Mineral Makeup = Marketing Madness

By Paula Begoun
The Cosmetics Cop

When all is said and done, after you’ve cut through the hype, misleading information, and lies, mineral makeup is truly nothing more then powder (though now most companies are calling every product they make “mineral” regardless of what it is). It is not revolutionary, safe, or unique in any way. By any name, technically speaking, mineral makeup is simply a type of powder foundation. If you apply a light layer it serves as a finishing powder. Apply a little more and it works more like a layer of foundation providing light to medium (and, depending on the product, nearly full) coverage. In essence, mineral makeup is merely loose or pressed powder created from a blend of “powdery” substances. The hype behind it being different or special for skin is just that: hype.

It Isn't All Natural

Ironically the original lines to launch “mineral” makeup were about as natural as polyester. Companies like Youngblood, Bare Escentuals,and Jane Iredale used bismuth oxychloride as the main “mineral” ingredient, yet bismuth oxychloride is not found in nature! Bismuth oxychloride is manufactured by combining bismuth, a by-product of lead and copper metal refining (dregs of smelting if you will) mixed with chloride (a compound from chlorine), and water. Its use in cosmetics is due to its distinct shimmery, pearlescent appearance and its fine white powder texture that adheres well to skin. That doesn’t make it bad for skin, it just makes the marketing claims utterly false and ludicrous.

On the downside, bismuth oxychloride is heavier than talc and can look cakey on skin. For some people, the bismuth and chloride combination can be irritating. All the claims revolving around how mineral makeups are better for skin or are somehow equivalent to skin care is nothing more than clever marketing.

What about the other ingredients in mineral makeups? There are several that show up regularly in most of them, including such mineral lines as Monave, Larenim, Baresense, Sheer Cover by Leeza Gibbons, gloMinerals, Purminerals, Emani, Colorflo, Youngblood, Skin Alison Raffaele, Aromaleigh, Colorscience, Neutrogena, L’Oreal, Jane Iredale, Bare Escentuals, and Everyday Minerals.

For more information about ingredients used in mineral makeup click here.

Application: Pore Perfect or Poor Performer?

Most mineral makeups are capable of providing opaque coverage (this can be blended to within light to medium coverage range), yet the claim is they do so while looking extremely natural, like a second skin or better than your own skin, which appears to be the case in pictures and on TV infomercials (and just like every other makeup application created for advertising).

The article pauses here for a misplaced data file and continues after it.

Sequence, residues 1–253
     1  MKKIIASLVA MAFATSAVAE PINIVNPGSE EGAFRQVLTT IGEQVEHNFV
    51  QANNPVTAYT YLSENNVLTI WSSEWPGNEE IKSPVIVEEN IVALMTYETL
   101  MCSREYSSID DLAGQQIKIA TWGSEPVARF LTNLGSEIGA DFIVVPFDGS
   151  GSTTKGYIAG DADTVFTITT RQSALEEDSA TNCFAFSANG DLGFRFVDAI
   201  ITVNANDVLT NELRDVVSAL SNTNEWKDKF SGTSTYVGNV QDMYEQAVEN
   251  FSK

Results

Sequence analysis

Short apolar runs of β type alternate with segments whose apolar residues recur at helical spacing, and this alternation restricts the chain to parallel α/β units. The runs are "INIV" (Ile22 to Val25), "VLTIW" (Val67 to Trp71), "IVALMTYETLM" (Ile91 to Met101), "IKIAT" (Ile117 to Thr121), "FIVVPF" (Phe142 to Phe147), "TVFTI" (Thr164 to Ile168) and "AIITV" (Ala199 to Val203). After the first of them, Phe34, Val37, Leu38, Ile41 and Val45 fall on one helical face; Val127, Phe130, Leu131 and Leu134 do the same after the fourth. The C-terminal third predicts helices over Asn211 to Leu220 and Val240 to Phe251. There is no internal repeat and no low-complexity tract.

In real life, that is not what you will actually see. These powders (most of which are tricky to blend because they tend to “grab” onto skin and don’t glide very well once they touch your skin) can be applied sheer, but the very nature of their ingredients results in a textured application that can look powdery and “made-up” on the skin. This is especially true if you have any dry patches on the skin because these mineral powders—many of which claim to be moisturizing which is just ludicrous given the properties of all powder materials, which are absorbent not moisturizing—exacerbate dryness and flaking.

For those with oily skin, mineral makeup can pool in pores and look thick and layered just like any powder can. Generally speaking, mineral makeup is best for normal to slightly oily skin (meaning no signs of dryness and little to no problem oily areas).

Mineral Makeup as Skin Care?

There is no research anywhere proving that mineral makeup is inherently better for skin than other types of foundation. Most of the skin care attributes ascribed to mineral makeup is distantly linked to research about zinc oxide. But zinc oxide is a standard ingredient in lots of sunscreens and is not unique to mineral makeup.

While zinc oxide does have healing properties for skin (it is FDA-approved as a skin protectant, and a common active ingredient in diaper rash ointments), those healing properties have to do with skin whose barrier has been compromised, such as wounds, ulcers, or rashes. In those cases, zinc oxide can facilitate healing (Source: Wound Repair and Regeneration, January/February 2007, pages 2–16). But those studies used pure zinc oxide, the test didn’t include products that also contain other ingredients, such as mica or bismuth oxychloride, or have anything to do with healthy, intact skin.
Mineral makeup is often recommended for those with rosacea but because rosacea is a fickle skin disorder that can be made worse by powders (the granular composition of any powder can be an irritant) it isn’t a slam dunk.

Mineral makeup can work well as a sunscreen as long as the product itself is rated with an SPF 15 or greater, and greater is better, and you can wear it over a moisturizer with sunscreen to get more protection. As is true for any product with an SPF rating, in order to get the right amount of thorough protection, liberal application is essential, which means a sheer light layer of mineral makeup won’t work for protecting your skin from the sun.

Love it or Leave It

If you’re currently using mineral makeup and love the results, that’s great. The goal of this article is to present the positive and negative points of this type of makeup, and to allow my readers to make an informed decision as whether or not it’s the right type of foundation for them. Once the hype is debunked, you may want to consider a foundation that is less messy or less drying, or less iridescent, or less cakey, which are all part of the problems you can encounter with mineral makeup.